Printing your business cards at home might be enticing as a student because of the cost saving, but believe me when I say this, people will notice that your business cards were printed at home. That speaks volumes about the way you conduct yourself and it won’t look good to prospective employers.
3. Include Your Qualifications
Prospective employers want to know what you’ve done with yourself in the past few years. If you’ve just come out of university, you won’t have a job position and close to no relevant work experience, so you shouldn’t put a job title on your business card. Instead, you can list your qualifications, for example “Bachelor of Science (Electrical Engineering)”.
Generally, listing qualifications on business cards is mostly done by accountants, doctors and engineers in order to increase trust with their customer. However, in this case it pays to include them on your card so prospective employers know what you studied…which leads me to the next point.
4. Your Business Card Should Show That You’re Seeking Opportunities
Although you don’t want to seem desperate for a job, you need to let people know you’re looking for opportunities. And this means putting a clever, but subtle note on your business card.
Here are a few example notes you could put onto your business card if you’re seeking work opportunities:
“I’m seeking work opportunities. Let’s talk.”
“Looking for my first job. Please consider me.”
“I scored 10/10 on my final exam. You should hire me!”
If you’re networking in a room full of managers and supervisors, you want them to consider you the next time they are looking for talent in their line of work. You want your name to be first on their list. An easy way to let them know that you’re looking for a job is to hand them your business card which explains that you’re looking for job opportunities and also mention it verbally.
5. Use a Professional Email Address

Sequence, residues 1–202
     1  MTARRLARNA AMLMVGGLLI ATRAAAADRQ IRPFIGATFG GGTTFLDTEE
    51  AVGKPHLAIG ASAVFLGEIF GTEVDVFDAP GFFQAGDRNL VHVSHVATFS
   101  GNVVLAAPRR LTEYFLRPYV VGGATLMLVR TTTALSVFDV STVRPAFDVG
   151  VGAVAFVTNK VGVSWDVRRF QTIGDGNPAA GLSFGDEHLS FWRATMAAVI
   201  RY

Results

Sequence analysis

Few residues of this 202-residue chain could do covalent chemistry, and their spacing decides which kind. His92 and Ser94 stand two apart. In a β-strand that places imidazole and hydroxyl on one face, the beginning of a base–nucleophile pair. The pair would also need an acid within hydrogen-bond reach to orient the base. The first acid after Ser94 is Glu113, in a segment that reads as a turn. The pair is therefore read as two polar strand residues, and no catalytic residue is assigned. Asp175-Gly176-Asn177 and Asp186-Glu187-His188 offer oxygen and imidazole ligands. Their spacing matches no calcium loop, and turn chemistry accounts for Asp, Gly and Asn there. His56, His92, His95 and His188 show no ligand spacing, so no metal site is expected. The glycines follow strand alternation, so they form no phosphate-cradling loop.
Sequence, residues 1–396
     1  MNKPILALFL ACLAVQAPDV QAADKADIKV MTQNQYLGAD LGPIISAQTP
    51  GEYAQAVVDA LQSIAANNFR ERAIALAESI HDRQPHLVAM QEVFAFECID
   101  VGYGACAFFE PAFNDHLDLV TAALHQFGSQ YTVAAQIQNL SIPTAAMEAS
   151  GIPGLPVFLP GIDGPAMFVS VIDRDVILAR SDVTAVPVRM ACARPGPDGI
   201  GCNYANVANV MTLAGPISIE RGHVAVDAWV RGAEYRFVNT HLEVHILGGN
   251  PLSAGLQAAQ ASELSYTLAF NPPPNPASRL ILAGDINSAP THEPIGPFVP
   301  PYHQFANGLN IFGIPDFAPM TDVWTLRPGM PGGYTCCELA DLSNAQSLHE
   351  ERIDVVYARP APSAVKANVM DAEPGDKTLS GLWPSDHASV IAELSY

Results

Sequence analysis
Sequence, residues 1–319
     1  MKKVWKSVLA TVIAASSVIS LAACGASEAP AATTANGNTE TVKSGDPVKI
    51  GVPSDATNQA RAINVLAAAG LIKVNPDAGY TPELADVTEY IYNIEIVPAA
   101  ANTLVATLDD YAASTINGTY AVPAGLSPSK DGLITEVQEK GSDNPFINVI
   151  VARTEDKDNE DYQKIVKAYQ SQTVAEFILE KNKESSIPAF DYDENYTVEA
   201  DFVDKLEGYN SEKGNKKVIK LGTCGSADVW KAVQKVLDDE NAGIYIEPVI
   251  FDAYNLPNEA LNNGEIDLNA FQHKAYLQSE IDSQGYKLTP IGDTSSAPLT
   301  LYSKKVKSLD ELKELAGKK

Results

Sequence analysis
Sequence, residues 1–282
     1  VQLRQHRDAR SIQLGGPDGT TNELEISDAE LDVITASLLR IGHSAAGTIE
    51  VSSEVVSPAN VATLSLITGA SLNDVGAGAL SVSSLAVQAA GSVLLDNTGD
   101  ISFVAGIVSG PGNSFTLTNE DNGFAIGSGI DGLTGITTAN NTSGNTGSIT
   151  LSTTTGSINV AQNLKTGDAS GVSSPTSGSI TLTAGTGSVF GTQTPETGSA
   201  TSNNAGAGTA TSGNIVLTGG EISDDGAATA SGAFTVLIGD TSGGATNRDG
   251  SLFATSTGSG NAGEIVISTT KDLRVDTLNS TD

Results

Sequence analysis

Ditch the “firstname.lastname@example.org” email address. It doesn’t belong on your business card. It’s an email address that screams “AMATEUR” throughout the hallways of the HR office. This might be the email address you’ve used since you were 12 years old, but its time to retire it. It’s not professional.
There are many free email platforms such as Outlook.com or Gmail where you could register a new email address that reads more professionally, such as “email@example.com”. It sends a much better message to your employer and the HR representative won’t laugh when confirming your email address on the phone with you.
6. Add Social Proofing
It’s no secret that when your resumé hits the human resource managers desk, the first thing they do is look through your social media accounts to see who they are really hiring. So, the lesson here is to clean up your social media accounts before even considering adding your social media profiles to your business card.
On the flip side, social media platforms such as LinkedIn can greatly enhance your chances of getting hired if you update all of your profile details regularly. Adding your LinkedIn profile to your business card allows your prospective employers to learn more about you and your work history without even asking for your resumé.
Having social media accounts which are clean shows a more transparent story on who you really are, and this is a huge bonus when companies are making a decision on who to hire.
7. Include a QR Code
Including a QR code on your business card can be very valuable, depending on the situation. If you’re working in the tech industry, adding a QR code to your business card is basically compulsory. QR codes are super efficient at transferring contact information, especially when they are set up as a vCard which automatically imports contact information to your phone.